Brown University’s Dr. Mary Carskadon has demonstrated that during puberty, the circadian system – the biological clock – does a “phase shift” that keeps adolescents up later. In prepubescents and grownups, when it gets dark outside, our brains produce melatonin, which makes us sleepy. But adolescent brains don’t release melatonin for another 90 minutes. So even if they’re in bed at 10 p.m (which they aren’t), they lay awake, staring at the ceiling. It's possible that this played some evolutionary role, back when teens needed to leave the tribe and explore or hunt.

Awakened at dawn by alarm clocks, teen brains are still releasing melatonin. This pressures them to fall back asleep – either in first period at school or, more dangerously, during the drive to school. Which is one of the reasons young adults are responsible for more than half of the 100,000 “fall asleep” crashes annually.

“We thought the evidence was staggering,” Carole Young-Kleinfeld recalled.

Kleinfeld is a mother in Wilton, Connecticut, thirty miles up I-95 from New York City. Wilton, too, had saved money by running busses in two shifts, starting the high school at 7:35. Then a few years ago, she was at a meeting for the local League of Women Voters. Then-state senator Kevin Sullivan spoke about Carskadon and others’ research, and how starting high school at a more reasonable hour was the answer.

Kleinfeld had a sullen teenager of her own, and when she went to local high schools to register kids to vote, she regularly saw students sleeping in the halls during class. So the idea hit home. She and others formed a committee to learn about the issue. Eventually, they convinced the district to move the high school’s start time to 8:20.

For Kleinfeld, the change “was a Godsend.”

Her son Zach had once been a perfectly happy kid, but when he hit high school he became the prototypical disengaged, unenthralled-by-everything teen. He was so negative, so withdrawn that “I really thought we’d lost him,” Kleinfeld sighed. “We’d lost that sense of connection.”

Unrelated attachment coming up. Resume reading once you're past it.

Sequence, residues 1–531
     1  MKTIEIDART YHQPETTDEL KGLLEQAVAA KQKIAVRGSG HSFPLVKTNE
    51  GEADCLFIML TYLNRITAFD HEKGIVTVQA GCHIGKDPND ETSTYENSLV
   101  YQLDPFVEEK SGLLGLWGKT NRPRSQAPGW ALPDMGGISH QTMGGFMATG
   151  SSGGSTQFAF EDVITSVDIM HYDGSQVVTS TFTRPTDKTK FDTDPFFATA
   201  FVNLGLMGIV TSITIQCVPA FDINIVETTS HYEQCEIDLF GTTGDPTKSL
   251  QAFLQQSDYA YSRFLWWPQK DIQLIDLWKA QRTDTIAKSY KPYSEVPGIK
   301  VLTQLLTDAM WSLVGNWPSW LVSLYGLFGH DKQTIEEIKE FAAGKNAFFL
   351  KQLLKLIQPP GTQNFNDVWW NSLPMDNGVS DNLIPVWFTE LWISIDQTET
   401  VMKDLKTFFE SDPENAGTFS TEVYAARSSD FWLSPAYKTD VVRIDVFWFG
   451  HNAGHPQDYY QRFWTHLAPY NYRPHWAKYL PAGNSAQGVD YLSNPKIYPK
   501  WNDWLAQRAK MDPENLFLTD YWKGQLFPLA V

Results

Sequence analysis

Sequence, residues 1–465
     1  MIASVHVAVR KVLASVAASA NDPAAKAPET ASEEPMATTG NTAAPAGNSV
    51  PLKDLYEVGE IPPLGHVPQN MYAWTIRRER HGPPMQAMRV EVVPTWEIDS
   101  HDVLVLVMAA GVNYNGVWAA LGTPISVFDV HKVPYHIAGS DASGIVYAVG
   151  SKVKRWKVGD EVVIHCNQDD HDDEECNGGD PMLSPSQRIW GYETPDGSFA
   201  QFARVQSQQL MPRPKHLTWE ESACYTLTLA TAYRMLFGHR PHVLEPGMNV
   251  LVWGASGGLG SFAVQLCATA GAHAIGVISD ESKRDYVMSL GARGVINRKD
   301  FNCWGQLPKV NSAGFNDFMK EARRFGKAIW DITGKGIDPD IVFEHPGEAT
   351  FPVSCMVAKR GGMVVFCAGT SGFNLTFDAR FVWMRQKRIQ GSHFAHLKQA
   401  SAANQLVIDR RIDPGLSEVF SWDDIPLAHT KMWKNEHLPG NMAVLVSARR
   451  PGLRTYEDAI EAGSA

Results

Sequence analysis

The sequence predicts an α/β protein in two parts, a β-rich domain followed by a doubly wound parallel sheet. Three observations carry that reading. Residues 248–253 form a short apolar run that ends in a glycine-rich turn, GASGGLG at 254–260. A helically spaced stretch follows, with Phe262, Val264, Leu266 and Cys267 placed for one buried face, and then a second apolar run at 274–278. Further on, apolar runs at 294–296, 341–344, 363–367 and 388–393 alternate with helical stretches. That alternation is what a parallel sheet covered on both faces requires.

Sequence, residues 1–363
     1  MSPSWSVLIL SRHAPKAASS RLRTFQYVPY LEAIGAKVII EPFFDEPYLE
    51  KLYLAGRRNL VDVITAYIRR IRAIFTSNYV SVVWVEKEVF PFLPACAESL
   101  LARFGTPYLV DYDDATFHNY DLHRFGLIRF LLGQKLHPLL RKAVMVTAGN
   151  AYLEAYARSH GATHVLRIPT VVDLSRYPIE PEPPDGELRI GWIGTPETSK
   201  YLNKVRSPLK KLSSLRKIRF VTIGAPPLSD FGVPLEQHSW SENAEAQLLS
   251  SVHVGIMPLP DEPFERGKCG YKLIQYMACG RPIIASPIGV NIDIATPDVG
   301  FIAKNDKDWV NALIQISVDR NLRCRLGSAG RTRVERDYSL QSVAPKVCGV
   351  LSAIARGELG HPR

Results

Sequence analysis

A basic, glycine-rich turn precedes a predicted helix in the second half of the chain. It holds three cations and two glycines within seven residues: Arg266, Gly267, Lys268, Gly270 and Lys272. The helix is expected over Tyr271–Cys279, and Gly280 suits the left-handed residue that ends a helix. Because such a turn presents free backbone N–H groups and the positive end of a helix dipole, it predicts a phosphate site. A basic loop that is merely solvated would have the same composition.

After the high school start time shifted, Kleinfeld couldn’t believe it. “We got our kid back.” Zack would bound downstairs in the morning with a smile, wanting to share a funny story he’d read in The Onion. His SAT scores went up, too.

Several scholars have noted that many hallmark traits of modern adolescence – moodiness, impulsiveness, disengagement – are also symptoms of chronic sleep deprivation. Might our culture-wide perception of what it means to be a teenager be unwittingly skewed by the fact they don’t get enough sleep?

University of Pittsburgh’s Ronald Dahl agrees, observing: “Is it adding one percent or sixty percent, we don’t know. But clearly a lack of sleep makes it much worse.”


Sleep - Without Snooze, You Lose

From Po & Ash:

Today, we have two new features for New York Magazine in which we explore the fascinating – and surprisingly scary – ways that sleep deprivation can affect a child's cognitive, emotional and physiological development. And very early this morning, Po was interviewed about the pieces by Harry Smith on CBS's The Early Show. (Yes, Po's currently slightly sleep-deprived from getting up at 4 am to be interviewed about sleep deprivation.)

We're very excited about these pieces, and we really hope that you'll read both. The main article, Can A Lack of Sleep Set Back Your Child's Cognitive Abilities? (available both in the print and on-line edition of the magazine) is an overview of the effects of sleep deprivation on children. The second, a web-exclusive, How To Get Kids To Sleep More, isn't just your standard advice piece: in that one, we provide the scientific basis for the experts' suggestions on how to get a good night sleep – and explore what we often do that inadvertently prevents getting sleep.

Because we all know that sleep matters. What's amazing is just how much it matters. Sleep isn't just a time of rest – it's when learning is consolidated in the brain, it's when the body's metabolism works its magic, and when emotions are regulated.

Over the next few days, we're going to be blogging more information about both kids' and adults' sleep, so please come back for much more.